Glen Goffin Photography

Monday, January 25, 2010

82 Black and White Photographs - Not as Easy as it Looks

Boy with Camera Banner
This young lad and I encountered each other at a recent wedding.  He was having fun with the camera his mom had handed him and he seemed such a poster-child for the joy of photography. He and I squared-off ... camera to camera ... mano-y-mano. Or, I guess, cámara-y-cámara? I think I won though I never actually looked at his pictures ... hmmm ... now I wonder?

Working on this image, however, frustrated me because I couldn't get the black-and-white tones that I wanted. This frustration has prompted me to go on a quest for better B&W technique. Join me if you dare.  Or better yet, drop me some advice and save me a lot of hard lessons :)

Clearly all the panels but especially the third panel from the left is blown out.  So there are some easy things for me to fix but before I do, I want to get a bit more disciplined in my B&W technique.  Wax-on ... wax-off

Little Girl Drinking
Tones, textures, forms, lines, motion ... all of these take front when in black and white.   Color is like candy.  The sugar makes your tongue tingle but it doesn't satisfy like richer and more complex flavors can.

I foolishly thought I would do a quick google search and learn pretty much everything I need to know in about an hour.  An hour later I learned that either nobody really knows anything or they're hiding it better than their Aunt Irene's Christmas gift.

Let me save you an hour of google searching in one sentence.  "It aint easy and you have to do it to suit your artistic taste".   If you'd rather read that same thing from 100 famous photogs ... feel free to waste an hour.  Or you can buy one of their books and pay for the same message.  Fine by me.

Of course there are some essentials that have more to do with basic photography than B&W artistry per-se.
o Skin tones should look natural
o Eyes should pop and have expression
o yada yada yada

Little Girl Drinking
This is no scientific analysis but I have found 50 Lightroom Presets and then ran this image through them (thank God for preview) and found the best preset I could for this image (posted above).  Then I used the Nik Silver Efex Pro technique (to the left).  Let me know which one is better.  The top is a tad more contrasty.  I intentionally added some film grain to this one (Nik SEP lets you do that).
Silver Efex Pro

I'm going to keep practicing and reading.  I'll post the stuff I learn or at least the mistakes I make along the way.

Peace out bean sprouts,


Scott McQ said...

I did the same - I looked all over the place. I finally bought a book that helped. I can't remember the name right now - but honestly, he could have given the same information in about 1/3 of the number of pages.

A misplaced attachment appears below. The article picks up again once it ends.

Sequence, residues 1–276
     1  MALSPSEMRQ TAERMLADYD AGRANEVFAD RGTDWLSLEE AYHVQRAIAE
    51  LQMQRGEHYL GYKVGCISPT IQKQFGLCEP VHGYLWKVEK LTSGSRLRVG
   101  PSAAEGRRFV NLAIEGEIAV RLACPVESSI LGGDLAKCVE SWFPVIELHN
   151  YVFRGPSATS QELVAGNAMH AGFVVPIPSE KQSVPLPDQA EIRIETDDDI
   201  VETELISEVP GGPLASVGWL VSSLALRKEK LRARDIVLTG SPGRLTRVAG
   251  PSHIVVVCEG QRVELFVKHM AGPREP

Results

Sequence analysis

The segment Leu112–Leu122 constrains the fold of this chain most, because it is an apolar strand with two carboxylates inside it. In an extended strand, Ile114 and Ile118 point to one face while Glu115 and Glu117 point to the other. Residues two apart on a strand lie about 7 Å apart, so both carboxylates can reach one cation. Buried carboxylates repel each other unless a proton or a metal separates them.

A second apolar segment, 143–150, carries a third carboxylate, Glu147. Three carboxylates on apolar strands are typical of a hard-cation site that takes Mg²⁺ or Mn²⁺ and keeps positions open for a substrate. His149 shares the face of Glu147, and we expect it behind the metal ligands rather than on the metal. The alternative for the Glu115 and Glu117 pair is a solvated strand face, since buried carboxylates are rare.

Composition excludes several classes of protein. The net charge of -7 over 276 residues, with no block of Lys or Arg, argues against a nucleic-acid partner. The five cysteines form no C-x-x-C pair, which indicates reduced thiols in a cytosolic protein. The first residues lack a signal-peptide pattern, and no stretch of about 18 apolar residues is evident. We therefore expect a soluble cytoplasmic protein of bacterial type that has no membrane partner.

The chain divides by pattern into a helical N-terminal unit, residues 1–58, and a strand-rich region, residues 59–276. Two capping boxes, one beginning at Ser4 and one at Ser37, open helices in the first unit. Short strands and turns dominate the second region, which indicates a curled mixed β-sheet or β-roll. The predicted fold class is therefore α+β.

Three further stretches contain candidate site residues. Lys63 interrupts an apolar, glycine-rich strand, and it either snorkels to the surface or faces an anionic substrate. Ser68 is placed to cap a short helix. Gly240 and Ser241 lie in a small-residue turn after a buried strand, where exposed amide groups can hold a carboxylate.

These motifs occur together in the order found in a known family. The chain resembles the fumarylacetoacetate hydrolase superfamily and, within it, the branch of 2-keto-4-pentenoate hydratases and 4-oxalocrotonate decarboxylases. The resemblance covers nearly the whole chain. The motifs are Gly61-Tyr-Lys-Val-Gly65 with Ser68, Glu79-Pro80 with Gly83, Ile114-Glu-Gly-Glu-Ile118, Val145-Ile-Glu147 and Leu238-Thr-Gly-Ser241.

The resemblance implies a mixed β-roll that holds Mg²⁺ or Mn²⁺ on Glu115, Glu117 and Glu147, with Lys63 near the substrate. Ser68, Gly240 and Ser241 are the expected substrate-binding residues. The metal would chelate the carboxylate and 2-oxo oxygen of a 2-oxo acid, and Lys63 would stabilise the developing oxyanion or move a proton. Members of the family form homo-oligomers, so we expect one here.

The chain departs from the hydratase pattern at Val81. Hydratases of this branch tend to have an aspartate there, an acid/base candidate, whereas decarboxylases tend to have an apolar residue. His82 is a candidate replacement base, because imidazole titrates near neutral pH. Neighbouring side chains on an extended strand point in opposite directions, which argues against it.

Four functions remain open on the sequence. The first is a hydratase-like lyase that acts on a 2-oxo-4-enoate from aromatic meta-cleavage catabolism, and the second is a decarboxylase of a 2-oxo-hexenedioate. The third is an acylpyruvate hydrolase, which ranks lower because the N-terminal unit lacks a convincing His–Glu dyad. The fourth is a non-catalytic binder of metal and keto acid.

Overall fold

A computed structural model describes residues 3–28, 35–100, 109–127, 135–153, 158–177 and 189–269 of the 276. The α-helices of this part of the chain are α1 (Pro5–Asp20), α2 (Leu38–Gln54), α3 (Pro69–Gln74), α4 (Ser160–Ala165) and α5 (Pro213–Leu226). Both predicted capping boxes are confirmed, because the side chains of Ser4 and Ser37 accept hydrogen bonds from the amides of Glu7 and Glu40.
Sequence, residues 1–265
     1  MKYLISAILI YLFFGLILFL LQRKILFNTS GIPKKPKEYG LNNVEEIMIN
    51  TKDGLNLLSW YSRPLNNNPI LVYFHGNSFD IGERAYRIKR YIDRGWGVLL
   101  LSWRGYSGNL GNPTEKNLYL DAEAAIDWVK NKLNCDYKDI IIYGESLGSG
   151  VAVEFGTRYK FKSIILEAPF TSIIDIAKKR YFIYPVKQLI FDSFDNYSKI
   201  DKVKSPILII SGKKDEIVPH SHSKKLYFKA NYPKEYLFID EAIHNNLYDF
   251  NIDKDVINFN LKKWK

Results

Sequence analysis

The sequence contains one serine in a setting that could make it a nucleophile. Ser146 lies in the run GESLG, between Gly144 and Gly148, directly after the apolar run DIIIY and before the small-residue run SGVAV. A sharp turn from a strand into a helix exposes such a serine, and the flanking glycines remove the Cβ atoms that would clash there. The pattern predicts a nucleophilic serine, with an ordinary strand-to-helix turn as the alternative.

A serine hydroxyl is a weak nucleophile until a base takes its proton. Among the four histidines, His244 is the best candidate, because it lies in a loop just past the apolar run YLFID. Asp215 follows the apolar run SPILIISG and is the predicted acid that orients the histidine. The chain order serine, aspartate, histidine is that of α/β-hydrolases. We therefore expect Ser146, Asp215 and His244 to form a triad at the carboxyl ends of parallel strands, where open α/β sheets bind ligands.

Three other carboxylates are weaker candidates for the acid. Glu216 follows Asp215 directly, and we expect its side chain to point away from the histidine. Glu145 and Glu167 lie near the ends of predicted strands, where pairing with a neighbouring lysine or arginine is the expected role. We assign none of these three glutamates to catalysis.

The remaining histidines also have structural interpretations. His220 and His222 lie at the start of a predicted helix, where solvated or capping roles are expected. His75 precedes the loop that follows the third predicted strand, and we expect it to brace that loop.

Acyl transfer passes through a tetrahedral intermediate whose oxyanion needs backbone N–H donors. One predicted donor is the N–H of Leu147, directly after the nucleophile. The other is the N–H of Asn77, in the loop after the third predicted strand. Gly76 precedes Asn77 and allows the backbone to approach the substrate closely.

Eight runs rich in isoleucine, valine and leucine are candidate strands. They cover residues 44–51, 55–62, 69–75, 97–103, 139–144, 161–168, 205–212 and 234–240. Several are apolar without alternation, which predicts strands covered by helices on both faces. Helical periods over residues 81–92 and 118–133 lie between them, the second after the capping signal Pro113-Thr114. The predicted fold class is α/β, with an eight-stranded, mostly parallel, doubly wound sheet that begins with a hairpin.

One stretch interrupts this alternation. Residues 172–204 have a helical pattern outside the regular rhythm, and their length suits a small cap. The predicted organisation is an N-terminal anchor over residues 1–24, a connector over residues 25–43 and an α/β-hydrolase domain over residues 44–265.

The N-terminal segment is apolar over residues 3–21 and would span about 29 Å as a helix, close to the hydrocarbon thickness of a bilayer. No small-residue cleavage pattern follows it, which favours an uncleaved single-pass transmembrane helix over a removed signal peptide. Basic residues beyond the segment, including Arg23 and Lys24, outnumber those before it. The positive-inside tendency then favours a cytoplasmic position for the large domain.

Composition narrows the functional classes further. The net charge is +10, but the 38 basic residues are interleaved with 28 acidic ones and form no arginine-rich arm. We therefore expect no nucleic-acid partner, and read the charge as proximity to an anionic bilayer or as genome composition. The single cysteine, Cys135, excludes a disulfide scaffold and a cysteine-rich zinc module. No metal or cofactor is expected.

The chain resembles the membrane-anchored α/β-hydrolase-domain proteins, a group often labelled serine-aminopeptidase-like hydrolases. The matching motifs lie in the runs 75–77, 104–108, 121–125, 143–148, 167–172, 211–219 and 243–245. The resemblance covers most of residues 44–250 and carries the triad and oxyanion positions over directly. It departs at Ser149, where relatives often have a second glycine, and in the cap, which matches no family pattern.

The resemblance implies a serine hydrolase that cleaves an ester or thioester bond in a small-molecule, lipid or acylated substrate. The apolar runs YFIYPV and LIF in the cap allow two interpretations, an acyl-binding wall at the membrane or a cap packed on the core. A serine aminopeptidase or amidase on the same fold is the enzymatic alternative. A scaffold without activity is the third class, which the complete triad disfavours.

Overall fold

I found the best help in a Kelby on-line class by Katrin Eismann. But that requires a subscription, but if you're serious its a great resource.

In short, the key lessons/techniques:
- Set your White/Black balance to distribute the tones
- Don't just de-saturation. Use the PS Black and White adjustment tool (CS3) or the Lightroom Develop Module - Grayscale adjustment and adjust the different color values to get the tones that work for the image. If you shot B&W with filters in the past it works the same way as different color filters on B&W.

Those two things are a huge start. A little more complicated is using image channels to bring out the details/tones you need.

Hope this helps.

Kathleen said...

Hey Glen! Wondering if you shoot in RAW or JPEG or both? Just curious. After some anguish a few years ago I narrowed down my B&W technique to one simple thing in PS:
Image -->Adjustments-->Gradient Map. Select the B&W gradient. Done! You can add tone (and I would argue for very, very little) in the Color Balance tool - just make sure the "Preserve Luminosity" box is UNchecked. Let me know if you have quetions! :)

Glen Goffin said...

Kathleen - woohoo ... I'll give that technique a go tonight and let you know how it works out. Thanks for the tips.

Scott - So if I follow you correctly, basically balance out the histogram first to get a good distribution of tones in the image. Then pick a good mapping profile from colors to gray-scale. I sort-of did that with this images in that I used Lightroom to first correct the WB, then "spread" the dynamic range of the image from top to bottom adding detail in shadows and highlights as much as reasonable. Then I went through a bunch of preset profiles till I found one that seemed to map to a good "density" for lack of a better term. Then I tweaked the color to gray mapping. The harder part is settling on good overall contrast and local contrast choices. I probably just need a lot more practice.

Glen Goffin said...

PS - another thing I'm going to try is mapping skin tone to a very specific range of gray values and work to ensure that there is nice smooth gradients of tones through the face which may mean keeping the local contrast down in that area (except the eyes which I will probably pump up the volume).

Glen Goffin said...

oh ... pps ... sorry, Kathleen, I never answered your question. I used to shoot RAW but then I got the 5DMKII (which I LOVE LOVE LOVE!) and the image sizes were >50 MB. Ouch. I just went back to JPEG though, for professional work, I would likely shoot RAW. What is your feeling about that?